Moore: With trade demand, Earl Thomas fully transforms to object of scorn for Seahawks fans
The speculation ends on Thursday. That’s when the Seahawks report for training camp and we’ll find out if Earl Thomas shows up or not.
You know the story surrounding the future Hall of Fame free safety – he has said he won’t play this year without a contract extension. The Seahawks, by their actions, have indicated they don’t want to give him one at the level of pay Thomas is seeking.
Everyone understands that Thomas is the best or second-best safety in the league. But not everyone understands why he would hold out. At least I don’t. Thomas’ last contract made him one of the highest-paid safeties in the NFL. He’s scheduled to make $8.5 million this year, and if I were him, I’d honor the final year of my contract and play as well as I could so I’d get a big free-agent deal from another team or force the Seahawks to think about franchise-tagging him.
The latter scenario of a franchise tag isn’t likely, not with Thomas turning 30 next year, assuming a decline in his play would not warrant an increase in pay. I know that NFL careers are short and players need to make the most of their limited opportunities, but teams get in trouble when they reward players for their past performance. Paying Thomas $13 million a year in the future makes little sense to me. If you’re playing the odds, there’s a chance that Thomas maintains his high standard of play for the next two to three years. There’s a better chance he won’t and might even suffer an injury that will take him off the field and slow him down when he returns.
This Thomas situation has been hashed and rehashed and triple-hashed to the point that I’m sick of it, and I’m guessing you are too. It’s funny how quickly things can change. Thomas, it appears to me, has gone from one of the most beloved Seahawks to an object of scorn. His trade “demand” via Instagram last week secured the transformation. From the texts we received at 710 ESPN Seattle, 12s have finally had enough already.
This all started with that stupid plea to Cowboys coach Jason Garrett last year to pursue him, and then it continued at the Pro Bowl with the first comments that he wouldn’t play this year without a new contract. And now the follow-up for bad measure on social media.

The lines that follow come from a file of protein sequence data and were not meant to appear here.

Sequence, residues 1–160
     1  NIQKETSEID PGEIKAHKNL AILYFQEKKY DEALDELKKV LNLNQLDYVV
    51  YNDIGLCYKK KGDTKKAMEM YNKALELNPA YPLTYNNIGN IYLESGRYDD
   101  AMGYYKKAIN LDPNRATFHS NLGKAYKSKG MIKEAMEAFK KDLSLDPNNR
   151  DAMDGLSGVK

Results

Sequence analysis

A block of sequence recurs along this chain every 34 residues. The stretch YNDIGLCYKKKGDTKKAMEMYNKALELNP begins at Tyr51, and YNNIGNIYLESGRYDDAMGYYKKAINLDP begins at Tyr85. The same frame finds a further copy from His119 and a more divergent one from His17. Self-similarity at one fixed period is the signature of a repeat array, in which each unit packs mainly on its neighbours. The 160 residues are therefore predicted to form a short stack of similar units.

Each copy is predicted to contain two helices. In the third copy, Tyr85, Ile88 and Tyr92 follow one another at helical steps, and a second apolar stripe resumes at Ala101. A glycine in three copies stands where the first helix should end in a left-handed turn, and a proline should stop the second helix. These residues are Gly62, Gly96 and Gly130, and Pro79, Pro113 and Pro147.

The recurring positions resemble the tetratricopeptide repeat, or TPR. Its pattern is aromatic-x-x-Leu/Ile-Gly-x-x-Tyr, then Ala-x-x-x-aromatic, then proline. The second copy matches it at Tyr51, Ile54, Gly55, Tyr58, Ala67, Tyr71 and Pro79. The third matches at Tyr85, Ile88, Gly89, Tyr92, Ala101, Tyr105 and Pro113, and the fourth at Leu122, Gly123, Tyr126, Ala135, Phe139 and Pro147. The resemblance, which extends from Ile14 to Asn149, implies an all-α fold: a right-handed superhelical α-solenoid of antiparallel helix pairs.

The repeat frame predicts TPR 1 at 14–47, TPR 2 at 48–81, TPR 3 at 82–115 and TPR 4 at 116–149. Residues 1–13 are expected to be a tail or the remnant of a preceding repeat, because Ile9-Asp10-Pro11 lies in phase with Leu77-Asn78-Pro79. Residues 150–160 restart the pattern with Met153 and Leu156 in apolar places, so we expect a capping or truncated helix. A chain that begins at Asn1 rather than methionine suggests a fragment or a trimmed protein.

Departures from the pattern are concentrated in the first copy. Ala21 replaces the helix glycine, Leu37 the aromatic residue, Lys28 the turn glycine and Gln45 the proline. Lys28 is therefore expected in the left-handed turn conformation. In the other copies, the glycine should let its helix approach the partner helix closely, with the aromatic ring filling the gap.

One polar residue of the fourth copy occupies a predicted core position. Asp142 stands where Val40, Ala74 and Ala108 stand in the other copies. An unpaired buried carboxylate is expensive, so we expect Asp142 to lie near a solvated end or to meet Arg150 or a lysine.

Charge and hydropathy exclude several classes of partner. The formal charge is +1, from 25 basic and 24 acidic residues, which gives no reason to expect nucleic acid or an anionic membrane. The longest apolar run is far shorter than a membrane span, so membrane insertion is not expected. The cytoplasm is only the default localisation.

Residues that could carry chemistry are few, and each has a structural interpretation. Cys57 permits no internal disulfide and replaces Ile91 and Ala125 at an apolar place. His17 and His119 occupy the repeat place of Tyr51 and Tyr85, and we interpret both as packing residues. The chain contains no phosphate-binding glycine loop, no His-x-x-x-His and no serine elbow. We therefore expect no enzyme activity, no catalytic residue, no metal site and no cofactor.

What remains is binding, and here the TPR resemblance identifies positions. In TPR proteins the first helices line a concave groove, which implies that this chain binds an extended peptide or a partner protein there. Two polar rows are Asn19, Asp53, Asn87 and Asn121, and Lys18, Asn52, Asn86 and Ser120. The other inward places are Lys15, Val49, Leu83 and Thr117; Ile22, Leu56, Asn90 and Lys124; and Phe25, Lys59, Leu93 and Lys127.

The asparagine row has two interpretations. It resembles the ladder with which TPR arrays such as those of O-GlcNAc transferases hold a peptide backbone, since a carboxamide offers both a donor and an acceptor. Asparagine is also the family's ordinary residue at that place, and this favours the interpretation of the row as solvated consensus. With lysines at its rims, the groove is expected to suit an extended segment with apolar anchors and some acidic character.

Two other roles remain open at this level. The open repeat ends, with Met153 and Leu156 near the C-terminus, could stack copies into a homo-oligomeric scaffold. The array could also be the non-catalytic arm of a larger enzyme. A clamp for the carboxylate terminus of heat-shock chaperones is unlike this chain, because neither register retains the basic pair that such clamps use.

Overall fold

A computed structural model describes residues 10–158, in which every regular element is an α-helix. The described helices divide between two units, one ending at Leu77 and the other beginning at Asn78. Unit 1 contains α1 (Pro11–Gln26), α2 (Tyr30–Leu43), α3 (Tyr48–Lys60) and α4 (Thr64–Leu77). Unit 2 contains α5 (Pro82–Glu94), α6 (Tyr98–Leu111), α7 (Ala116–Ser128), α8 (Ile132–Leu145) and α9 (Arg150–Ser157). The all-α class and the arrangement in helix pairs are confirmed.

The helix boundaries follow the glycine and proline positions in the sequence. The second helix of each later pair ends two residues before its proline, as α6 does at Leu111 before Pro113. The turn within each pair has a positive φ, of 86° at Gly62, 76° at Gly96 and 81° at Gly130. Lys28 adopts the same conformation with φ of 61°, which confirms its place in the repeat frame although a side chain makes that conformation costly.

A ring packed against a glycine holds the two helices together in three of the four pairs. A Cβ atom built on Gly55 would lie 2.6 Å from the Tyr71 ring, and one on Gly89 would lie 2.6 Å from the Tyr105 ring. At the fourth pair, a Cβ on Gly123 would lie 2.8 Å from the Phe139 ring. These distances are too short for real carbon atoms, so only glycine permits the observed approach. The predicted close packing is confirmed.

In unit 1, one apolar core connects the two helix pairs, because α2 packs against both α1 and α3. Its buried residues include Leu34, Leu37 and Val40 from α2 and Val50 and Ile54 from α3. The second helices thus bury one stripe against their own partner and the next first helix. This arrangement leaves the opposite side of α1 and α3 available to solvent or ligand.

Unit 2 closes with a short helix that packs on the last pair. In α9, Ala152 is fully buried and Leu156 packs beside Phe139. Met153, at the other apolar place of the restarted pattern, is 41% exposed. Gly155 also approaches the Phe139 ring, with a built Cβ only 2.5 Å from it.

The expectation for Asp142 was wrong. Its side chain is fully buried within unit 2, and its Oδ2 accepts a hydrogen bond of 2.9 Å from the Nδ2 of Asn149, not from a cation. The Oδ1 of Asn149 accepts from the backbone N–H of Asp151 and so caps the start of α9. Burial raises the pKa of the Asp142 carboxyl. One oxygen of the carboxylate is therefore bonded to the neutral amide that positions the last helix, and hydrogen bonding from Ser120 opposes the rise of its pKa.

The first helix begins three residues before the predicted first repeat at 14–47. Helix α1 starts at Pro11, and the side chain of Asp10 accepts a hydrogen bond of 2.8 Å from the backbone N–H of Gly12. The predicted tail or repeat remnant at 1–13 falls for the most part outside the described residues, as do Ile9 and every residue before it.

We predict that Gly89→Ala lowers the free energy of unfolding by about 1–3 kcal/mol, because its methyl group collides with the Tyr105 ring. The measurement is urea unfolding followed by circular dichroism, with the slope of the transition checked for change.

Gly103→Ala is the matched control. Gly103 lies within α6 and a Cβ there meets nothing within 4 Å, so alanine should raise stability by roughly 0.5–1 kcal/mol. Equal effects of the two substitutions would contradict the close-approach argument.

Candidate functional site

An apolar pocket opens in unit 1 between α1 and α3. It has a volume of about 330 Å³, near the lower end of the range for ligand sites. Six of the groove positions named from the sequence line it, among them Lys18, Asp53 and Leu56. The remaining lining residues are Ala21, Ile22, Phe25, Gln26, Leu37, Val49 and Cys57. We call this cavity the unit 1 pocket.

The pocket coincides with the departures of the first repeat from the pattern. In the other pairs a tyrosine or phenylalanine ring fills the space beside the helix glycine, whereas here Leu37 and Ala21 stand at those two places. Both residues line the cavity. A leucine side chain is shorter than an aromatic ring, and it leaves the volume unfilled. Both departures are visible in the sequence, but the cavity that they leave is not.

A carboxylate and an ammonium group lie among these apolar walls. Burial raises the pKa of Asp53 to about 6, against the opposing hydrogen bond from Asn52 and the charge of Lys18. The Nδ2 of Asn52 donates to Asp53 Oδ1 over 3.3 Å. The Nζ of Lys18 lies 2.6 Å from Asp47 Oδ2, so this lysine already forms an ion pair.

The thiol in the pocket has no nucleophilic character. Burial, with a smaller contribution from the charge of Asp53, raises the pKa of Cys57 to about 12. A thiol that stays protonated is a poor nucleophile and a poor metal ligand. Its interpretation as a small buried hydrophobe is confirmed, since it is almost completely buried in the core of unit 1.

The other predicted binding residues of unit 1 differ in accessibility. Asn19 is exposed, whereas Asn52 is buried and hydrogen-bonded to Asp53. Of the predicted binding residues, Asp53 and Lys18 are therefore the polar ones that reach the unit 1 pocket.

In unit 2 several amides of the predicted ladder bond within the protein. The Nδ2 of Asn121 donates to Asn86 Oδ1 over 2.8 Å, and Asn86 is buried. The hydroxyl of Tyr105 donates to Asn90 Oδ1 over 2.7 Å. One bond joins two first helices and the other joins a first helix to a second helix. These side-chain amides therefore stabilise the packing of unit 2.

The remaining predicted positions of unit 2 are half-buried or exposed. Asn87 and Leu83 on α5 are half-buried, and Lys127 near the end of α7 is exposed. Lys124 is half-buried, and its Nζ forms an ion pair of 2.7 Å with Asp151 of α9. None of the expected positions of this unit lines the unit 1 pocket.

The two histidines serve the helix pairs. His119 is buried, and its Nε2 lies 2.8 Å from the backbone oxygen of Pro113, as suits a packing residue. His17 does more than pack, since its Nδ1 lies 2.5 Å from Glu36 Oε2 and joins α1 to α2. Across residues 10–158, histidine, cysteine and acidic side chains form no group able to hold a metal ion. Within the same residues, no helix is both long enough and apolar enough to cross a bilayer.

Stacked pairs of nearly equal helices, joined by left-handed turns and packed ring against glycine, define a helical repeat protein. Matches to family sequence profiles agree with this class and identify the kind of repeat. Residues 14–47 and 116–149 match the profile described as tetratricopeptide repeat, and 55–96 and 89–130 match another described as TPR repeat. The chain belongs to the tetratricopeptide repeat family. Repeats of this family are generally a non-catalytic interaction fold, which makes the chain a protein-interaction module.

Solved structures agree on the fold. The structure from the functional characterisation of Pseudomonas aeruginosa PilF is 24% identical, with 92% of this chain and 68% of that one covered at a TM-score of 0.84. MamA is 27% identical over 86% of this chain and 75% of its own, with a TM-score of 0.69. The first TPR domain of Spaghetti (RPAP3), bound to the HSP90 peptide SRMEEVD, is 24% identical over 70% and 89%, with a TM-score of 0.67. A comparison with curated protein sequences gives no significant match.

It’s a tough dilemma for Seahawks general manager John Schneider, whose team is in the middle of a rebuild of sorts even if he prefers to call it a “reset.” He doesn’t want to trade an All-Pro for a third- or fourth-round pick. I don’t blame him – that’s not anywhere close to equal value. But does he want a two- to three-month distraction of constant questions about Thomas’ status, not to mention social-media emojis that tell us how Earl himself is feeling?
If Thomas doesn’t play, Bradley McDougald will likely take over at free safety. Schneider also needs to factor in how big of a dropoff it is between Thomas and McDougald. It’s significant, but is it such a disparity that you’re willing to put up with the irritating Earl Thomas sideshow in training camp?
I think Schneider will handle everything in the best way possible. In the end, whenever that is, I have a feeling we’ll look at his decision and understand what he was thinking and why he traded Thomas or gave him an extension.
If this were up to me, I don’t think Thomas would like what I’d do. Schneider doesn’t let personal feelings interfere with business, but I would. The last thing I’d do is trade him to Dallas, just because I know that’s where Thomas wants to go. I’d be a jerk about it. Even if Dallas offered me a third-round choice, I’d send him to Philadelphia or Denver for a fourth-round choice. And if reporters asked me why I’d do that when I could have gotten a better pick from the Cowboys, I’d say I’m a spiteful person and I wasn’t about to give Thomas his way. The writers would probably slam me for that, but I wouldn’t care. I’d go home, have a cold one, sit out on the deck and snicker to myself if there was no one else to snicker with.
And I’d take it one step farther – I would do everything in my power to trade Thomas to Cleveland. If he thinks he has it so bad here, let’s see how he feels about things in Cleveland. I actually think the Browns are finally heading in the right direction, but by the time they get completely straightened out, Thomas will be too old to be a vital contributor. Some other good things about sending Thomas to Cleveland – whatever round the pick is, you’d probably be getting it at the start of the round rather than later in the round like you’d conceivably be doing with Dallas. It’s a small thing, but what the heck.
More importantly, you’d send a message that everyone would hear in the locker room. “Man, if I don’t honor my contract and if I make waves like Earl is doing, I might be sent to Cleveland too!”
I’m looking forward to the day when Schneider says enough is enough and ships Thomas to the Browns, and when that happens I’ll find some smiley and hands-waving-bye-bye emojis and post them on social media.